25 March 2023
The American Library Association (ALA) released a new report Thursday about book banning in the country. It found attempted book bans and information restrictions at school and public libraries continue to increase, setting a record in 2022.
The report says there were 1,200 known challenges in 2022. That is almost double the number from the year before, and it had also been record setting.
The ALA began collecting the data 20 years ago.
"I've never seen anything like this," says Deborah Caldwell-Stone, who directs the ALA's Office for Intellectual Freedom. She said the last two years have been frightening, tiring, and angering.
The report also says the way restrictions are requested has changed. A few years ago, challenges were usually from parents and community members concerned about an individual book, the ALA says.
Now, the requests are often for several removals, and organized by national groups such as Moms for Liberty. Their goal is "unifying, educating and empowering parents to defend their parental rights at all levels of government."
Last year, more than 2,500 different books were objected to, compared to 1,858 in 2021 and just 566 in 2019. In many cases, hundreds of books were challenged in a single request.
The ALA bases its findings on media accounts and voluntary reporting from libraries. It says the numbers might be far higher.
Librarians around the country have told of being harassed and threatened with violence or legal action.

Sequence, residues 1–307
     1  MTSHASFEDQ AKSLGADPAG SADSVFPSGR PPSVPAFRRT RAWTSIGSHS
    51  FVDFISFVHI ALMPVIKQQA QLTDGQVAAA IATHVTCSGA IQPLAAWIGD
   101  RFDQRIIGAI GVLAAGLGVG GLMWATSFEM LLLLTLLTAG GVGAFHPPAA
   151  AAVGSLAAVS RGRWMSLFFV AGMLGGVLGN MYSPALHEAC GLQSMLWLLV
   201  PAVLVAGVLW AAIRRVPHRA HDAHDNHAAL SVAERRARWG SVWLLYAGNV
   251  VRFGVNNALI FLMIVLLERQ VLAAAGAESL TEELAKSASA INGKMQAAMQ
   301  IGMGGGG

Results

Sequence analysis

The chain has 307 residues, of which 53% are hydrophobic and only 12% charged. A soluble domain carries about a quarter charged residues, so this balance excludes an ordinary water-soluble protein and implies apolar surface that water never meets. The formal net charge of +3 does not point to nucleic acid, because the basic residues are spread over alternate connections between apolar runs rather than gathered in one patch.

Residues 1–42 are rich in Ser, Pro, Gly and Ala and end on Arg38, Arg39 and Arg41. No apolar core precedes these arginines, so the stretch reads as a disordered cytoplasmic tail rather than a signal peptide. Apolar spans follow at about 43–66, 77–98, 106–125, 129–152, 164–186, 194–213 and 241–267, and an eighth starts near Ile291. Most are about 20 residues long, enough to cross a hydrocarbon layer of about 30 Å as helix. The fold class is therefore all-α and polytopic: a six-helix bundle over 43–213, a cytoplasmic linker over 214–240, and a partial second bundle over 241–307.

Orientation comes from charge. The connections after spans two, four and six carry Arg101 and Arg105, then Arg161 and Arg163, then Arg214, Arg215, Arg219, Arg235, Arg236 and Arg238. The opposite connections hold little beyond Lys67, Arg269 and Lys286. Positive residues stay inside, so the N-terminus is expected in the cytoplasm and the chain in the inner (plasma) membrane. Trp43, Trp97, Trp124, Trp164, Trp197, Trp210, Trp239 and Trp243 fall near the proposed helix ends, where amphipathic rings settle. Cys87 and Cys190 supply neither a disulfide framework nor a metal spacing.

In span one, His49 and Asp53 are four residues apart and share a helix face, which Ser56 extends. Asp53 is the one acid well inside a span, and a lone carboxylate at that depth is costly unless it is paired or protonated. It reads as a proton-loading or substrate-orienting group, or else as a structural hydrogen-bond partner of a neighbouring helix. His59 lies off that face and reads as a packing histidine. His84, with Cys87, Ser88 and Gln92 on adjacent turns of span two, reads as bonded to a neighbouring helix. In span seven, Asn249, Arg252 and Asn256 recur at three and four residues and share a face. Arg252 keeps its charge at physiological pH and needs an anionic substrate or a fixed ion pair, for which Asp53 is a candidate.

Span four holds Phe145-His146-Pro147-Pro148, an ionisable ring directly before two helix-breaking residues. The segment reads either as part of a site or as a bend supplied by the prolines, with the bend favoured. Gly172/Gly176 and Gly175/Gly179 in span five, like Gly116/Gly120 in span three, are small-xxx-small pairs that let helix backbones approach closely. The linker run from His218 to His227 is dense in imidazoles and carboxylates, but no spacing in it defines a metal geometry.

Caldwell-Stone says that some books have been targeted because of racist language. But she says the majority of requests for removal are for works with LGBTIQA+ or racial themes.
Bills easing the restriction of books have been proposed or passed in Arizona, Iowa, Texas, Missouri, and Oklahoma, among other states.
In Florida, Governor Ron DeSantis has approved laws to review reading materials and limit classroom discussion of gender identity and race. Books removed in Florida include John Green's Looking for Alaska, Colleen Hoover's Hopeless, and Margaret Atwood's The Handmaid's Tale.
DeSantis has called reports of mass bannings a "hoax." He said earlier this month that some people "are attempting to use our schools for indoctrination."
Some books do come back. Officials at Florida's Duval County Public Schools were widely criticized after they removed Roberto Clemente: The Pride of the Pittsburgh Pirates. It is a children's book about of the late baseball star from Puerto Rico.
In February, they announced the book would again be available, explaining they had needed to examine it and make sure it did not violate any state laws.
I'm Gregory Stachel.
Hillel Italie reported this story for The Associated Press. Gregory Stachel adapted it for VOA Learning English.
Words in This Story
library – n. a place where books, magazines, and other materials (such as videos and musical recordings) are available for people to use or borrow
challenge – v. to say or show that (something) may not be true, correct, or legal
harass – v. to annoy or bother (someone) in a constant or repeated way
LGBTIQA+ – n. used to mean Lesbian, Gay, Bisexual, Transgender and Queer
theme – n. the main subject that is being discussed or described in a piece of writing, a movie
gender – n. the state of being male or female
hoax – n. an act that is meant to trick or deceive people
indoctrinate – v. to teach (someone) to fully accept the ideas, opinions, and beliefs of a particular group and to not consider other ideas, opinions, and beliefs